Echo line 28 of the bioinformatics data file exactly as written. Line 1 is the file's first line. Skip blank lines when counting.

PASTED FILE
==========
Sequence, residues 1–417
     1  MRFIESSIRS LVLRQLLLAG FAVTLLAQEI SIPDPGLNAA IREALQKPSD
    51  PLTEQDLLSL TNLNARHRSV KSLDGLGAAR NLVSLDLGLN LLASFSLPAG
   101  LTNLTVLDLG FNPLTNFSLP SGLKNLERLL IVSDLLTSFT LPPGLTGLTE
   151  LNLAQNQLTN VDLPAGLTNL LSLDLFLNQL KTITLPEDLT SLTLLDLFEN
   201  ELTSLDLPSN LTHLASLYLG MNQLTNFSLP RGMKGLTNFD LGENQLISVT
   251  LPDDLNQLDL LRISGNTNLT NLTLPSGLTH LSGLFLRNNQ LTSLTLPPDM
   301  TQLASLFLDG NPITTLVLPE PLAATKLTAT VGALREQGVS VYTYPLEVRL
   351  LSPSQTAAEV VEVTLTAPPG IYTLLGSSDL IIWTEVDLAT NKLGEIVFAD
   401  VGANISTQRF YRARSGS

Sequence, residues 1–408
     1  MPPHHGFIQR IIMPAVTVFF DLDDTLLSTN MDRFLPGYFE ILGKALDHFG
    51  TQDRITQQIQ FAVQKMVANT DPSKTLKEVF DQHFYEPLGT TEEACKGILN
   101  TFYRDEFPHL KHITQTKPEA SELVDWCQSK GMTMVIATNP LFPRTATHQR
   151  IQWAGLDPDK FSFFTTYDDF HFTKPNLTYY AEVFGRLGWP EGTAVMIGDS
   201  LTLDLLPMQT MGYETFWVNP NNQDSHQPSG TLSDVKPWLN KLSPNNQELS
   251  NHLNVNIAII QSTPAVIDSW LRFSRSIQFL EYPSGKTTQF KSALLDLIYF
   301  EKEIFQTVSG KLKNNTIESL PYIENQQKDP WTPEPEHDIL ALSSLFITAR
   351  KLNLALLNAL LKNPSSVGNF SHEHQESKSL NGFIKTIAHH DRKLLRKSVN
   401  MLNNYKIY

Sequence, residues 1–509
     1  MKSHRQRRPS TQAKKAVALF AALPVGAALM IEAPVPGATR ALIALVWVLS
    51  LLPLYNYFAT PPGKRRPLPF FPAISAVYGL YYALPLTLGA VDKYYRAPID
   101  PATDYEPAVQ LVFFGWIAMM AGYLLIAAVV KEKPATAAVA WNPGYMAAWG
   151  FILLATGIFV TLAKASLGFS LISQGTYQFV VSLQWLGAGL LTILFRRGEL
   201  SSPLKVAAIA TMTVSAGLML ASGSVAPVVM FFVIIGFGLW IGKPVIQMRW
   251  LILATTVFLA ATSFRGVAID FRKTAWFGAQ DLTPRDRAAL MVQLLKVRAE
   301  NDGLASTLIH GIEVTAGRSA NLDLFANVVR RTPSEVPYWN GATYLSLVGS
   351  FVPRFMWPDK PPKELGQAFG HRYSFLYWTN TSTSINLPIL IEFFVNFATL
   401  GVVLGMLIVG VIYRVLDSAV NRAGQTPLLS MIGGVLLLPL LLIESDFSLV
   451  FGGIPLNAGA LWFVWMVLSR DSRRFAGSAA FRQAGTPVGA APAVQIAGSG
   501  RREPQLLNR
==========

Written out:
   301  NDGLASTLIH GIEVTAGRSA NLDLFANVVR RTPSEVPYWN GATYLSLVGS